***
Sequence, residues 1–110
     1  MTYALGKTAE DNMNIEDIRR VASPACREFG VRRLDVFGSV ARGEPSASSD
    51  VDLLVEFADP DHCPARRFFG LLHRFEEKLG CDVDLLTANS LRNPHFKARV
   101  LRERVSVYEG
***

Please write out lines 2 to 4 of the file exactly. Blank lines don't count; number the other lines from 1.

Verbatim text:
     1  MTYALGKTAE DNMNIEDIRR VASPACREFG VRRLDVFGSV ARGEPSASSD
    51  VDLLVEFADP DHCPARRFFG LLHRFEEKLG CDVDLLTANS LRNPHFKARV
   101  LRERVSVYEG